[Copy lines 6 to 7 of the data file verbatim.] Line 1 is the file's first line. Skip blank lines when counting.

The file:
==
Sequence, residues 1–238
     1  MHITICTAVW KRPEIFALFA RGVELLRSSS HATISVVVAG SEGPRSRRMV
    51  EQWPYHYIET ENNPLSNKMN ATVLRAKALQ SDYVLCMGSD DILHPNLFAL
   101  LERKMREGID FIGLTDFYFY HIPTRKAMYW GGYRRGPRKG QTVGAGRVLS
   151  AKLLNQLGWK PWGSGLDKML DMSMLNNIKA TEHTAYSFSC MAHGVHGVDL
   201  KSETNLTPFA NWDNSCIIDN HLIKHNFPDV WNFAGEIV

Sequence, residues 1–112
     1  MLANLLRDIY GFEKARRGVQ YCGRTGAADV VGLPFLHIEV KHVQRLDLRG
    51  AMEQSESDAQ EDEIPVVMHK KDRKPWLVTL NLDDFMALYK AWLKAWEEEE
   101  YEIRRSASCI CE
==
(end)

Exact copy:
   201  KSETNLTPFA NWDNSCIIDN HLIKHNFPDV WNFAGEIV

Sequence, residues 1–112